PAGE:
Yes. I hope you don’t mind.
Hell no. It’s best them dishes get some use otherwise what the hell they for?
I nodded in agreement and pulled a chair out from the table.
Here. Have a seat Magnificent.
Well I’ll be damned. If this isn’t four star service.
I sat down across from Magnificent and watched my mousy reflection in her dark glasses. She picked up her glass of goat’s milk, held it up to me and cocked her head to the right.
I clinked my glass with hers and we both took a sip. Magnificent made a sour face, put the glass down and coughed bile into a tissue. The neighbor’s music blared through the walls. Magnificent continued to cough.
Do you need anything? A glass of water? A cough drop? I asked her.
As she coughed I watched the veins in her forehead bulge. She shook her head and spit more bile into a tissue.
Damn cough! This is the shittiest way to live. Just shit. Pure shit.
She took a deep breath, grabbed her fork and began to eat. She chewed slowly, making sure to swallow every bite before putting more into her mouth. We ate without talking until all the food on our plates was gone. I stood and cleared the table.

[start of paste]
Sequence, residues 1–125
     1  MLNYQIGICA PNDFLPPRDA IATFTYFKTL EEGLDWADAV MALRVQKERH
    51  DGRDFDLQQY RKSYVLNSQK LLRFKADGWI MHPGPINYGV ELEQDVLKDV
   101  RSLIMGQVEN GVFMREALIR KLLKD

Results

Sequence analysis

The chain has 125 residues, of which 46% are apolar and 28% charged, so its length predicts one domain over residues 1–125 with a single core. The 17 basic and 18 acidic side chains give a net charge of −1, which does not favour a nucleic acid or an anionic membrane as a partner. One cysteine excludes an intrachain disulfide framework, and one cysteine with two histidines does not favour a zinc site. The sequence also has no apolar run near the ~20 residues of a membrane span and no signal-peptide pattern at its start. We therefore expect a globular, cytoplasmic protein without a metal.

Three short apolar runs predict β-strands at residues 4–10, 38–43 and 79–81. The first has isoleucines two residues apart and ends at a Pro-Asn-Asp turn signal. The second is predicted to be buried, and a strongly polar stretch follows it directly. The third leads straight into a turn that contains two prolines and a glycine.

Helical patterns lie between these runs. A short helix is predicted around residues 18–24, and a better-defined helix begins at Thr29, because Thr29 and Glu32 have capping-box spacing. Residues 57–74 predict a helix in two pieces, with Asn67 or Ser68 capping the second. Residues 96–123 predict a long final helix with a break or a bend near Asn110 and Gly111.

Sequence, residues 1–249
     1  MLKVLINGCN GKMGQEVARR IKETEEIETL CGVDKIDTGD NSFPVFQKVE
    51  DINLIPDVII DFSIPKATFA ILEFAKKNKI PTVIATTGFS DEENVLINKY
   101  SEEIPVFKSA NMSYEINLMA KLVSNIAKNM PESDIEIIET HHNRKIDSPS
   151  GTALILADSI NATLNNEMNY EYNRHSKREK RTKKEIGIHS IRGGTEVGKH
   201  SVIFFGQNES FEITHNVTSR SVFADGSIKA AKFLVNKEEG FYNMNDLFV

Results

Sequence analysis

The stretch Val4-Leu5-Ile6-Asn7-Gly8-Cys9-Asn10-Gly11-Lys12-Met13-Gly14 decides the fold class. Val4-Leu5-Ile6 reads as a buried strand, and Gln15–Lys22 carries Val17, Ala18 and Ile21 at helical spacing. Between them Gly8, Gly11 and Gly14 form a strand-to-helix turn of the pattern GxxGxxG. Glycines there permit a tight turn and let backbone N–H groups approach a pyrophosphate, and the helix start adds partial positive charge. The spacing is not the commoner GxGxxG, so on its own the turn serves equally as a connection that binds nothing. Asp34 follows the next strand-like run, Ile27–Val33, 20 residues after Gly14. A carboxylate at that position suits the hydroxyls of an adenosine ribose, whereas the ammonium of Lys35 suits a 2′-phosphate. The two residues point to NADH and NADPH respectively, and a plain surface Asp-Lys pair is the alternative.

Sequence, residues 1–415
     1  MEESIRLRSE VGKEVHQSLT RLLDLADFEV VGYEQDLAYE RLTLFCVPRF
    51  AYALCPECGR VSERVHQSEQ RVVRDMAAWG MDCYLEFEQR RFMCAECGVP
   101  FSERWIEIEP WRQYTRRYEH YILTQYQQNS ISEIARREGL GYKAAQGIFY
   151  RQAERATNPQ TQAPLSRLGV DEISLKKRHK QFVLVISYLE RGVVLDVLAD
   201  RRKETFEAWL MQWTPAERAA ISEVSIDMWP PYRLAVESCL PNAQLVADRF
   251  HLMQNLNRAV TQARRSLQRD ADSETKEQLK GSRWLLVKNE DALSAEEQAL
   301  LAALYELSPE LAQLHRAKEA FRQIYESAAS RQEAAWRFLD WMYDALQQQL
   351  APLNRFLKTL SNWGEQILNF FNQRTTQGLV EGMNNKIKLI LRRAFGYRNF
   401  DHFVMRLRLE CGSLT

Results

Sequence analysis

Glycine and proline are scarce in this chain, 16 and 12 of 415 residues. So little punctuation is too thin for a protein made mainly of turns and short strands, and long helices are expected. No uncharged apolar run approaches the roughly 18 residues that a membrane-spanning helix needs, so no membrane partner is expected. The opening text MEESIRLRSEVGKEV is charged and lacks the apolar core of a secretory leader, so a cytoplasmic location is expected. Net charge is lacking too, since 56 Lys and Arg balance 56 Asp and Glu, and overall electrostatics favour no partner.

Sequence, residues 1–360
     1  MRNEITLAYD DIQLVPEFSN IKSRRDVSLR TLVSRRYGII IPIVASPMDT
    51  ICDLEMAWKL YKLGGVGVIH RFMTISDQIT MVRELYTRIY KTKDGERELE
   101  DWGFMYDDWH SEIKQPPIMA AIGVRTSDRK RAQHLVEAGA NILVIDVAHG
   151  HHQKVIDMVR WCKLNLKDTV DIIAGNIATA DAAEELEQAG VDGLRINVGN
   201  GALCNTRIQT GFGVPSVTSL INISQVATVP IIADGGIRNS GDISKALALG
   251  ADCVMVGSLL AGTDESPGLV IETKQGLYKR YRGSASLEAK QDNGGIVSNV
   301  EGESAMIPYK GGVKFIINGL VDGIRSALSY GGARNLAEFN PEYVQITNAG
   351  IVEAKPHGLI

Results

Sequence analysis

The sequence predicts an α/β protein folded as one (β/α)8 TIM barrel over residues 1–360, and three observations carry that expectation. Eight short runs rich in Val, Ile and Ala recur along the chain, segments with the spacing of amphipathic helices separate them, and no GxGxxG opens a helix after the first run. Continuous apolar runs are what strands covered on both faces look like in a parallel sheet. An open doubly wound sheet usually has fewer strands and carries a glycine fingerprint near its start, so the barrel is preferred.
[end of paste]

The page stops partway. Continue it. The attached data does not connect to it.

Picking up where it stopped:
You don’t have to do all this. You’ve done enough. I can help. I’m not totally useless.
I don’t mind. Just relax.
It’s all I do all day is relax. There come a point when all this relaxing gets boring and boredom is killing me more than my kidneys. Let me do them dishes.
Alright Magnificent. As you wish.
She thanked me for the meal and told me I was more than welcome to come back any time, just as long as it did not interfere with her beloved game show. When I left her house, I was unsure as to whether or not I would come back or if my kidney would end up inside her. For a second I wished I had not gone to the trouble of seeing who she was and eating a meal with her. Either I would give her a kidney and we would be bound inexorably by the bodily exchange, or I would simply try to carry on in the way I had been before her letter arrived.